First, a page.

The progressive rock scene in Anglophone Canada during the 1970’s was not particularly robust. Rush are the most well-known band to attempt to apply English prog sensibility to their sound. Earlier in the 70’s, bands like Warpig and Jackal played the heavy rock and Hammond organ style of English bands like Deep Purple and Uriah Heep. Chilliwack, Lighthouse, and A Foot in Cold Water were known to veer proggish at times. Progressive pop on the Canadian scene came ahead with Klaatu and FM, and SAGA delivered an earlier neo-progressive pop sound. Nightwinds was probably one of the bands who best tried to follow the English prog example but only lasted one album. It would seem that in spite of Canada’s close connection with British music, the progressive scene did not really take hold.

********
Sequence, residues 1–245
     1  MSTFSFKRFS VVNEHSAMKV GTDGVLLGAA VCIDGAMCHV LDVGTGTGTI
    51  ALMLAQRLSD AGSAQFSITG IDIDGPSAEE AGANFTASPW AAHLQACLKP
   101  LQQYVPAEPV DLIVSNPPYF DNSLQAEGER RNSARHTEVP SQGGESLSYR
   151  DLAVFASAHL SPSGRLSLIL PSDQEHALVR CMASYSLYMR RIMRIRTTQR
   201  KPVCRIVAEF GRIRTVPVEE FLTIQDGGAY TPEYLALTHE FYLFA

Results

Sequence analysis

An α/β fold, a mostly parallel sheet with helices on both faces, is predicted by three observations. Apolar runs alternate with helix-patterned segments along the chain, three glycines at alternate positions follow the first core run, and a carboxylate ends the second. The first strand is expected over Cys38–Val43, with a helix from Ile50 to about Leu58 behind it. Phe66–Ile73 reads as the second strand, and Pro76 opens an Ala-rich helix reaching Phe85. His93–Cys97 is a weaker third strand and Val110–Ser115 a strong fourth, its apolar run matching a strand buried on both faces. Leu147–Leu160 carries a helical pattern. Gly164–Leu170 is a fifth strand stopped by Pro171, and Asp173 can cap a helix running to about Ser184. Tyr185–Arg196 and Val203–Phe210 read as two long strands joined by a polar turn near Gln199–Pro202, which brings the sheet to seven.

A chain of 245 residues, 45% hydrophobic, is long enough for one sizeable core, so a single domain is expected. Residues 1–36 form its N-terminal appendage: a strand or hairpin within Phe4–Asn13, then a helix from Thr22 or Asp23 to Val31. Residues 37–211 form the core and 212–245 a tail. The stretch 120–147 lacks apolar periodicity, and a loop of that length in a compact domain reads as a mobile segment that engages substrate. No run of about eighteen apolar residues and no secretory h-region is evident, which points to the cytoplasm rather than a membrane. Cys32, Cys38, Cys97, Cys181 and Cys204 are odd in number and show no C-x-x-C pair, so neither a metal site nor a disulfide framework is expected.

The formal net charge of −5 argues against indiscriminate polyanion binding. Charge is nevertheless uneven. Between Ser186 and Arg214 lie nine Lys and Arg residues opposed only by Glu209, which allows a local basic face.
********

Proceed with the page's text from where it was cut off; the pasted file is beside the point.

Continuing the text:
Not in Anglophone Canada maybe. However for Francophones, progressive rock was given a huge welcome!
It is very curious how English progressive rock became most popular in Canada in the Province of Quebec where most people speak French, and that it became popular there during the height of the Separatist Movement and Québécois pride. But it becomes easier to understand when considering how progressive rock was advantageous for French-speakers: progressive rock was a lot about the music and less about the lyrics, unlike pop which is lyrically oriented. For Francophones who weren’t particularly keen on singing in English just to get a hit song in Anglophone North America or who simply had a difficult time with the language, progressive rock was a way of creating contemporary music that gave them more freedom to express themselves without turning to the English language. Furthermore, progressive rock incorporated a lot of jazz and classical influences, and for many Québécois musicians with degrees in classical music or experience with jazz, progressive rock offered them the liberty of composing music as they liked.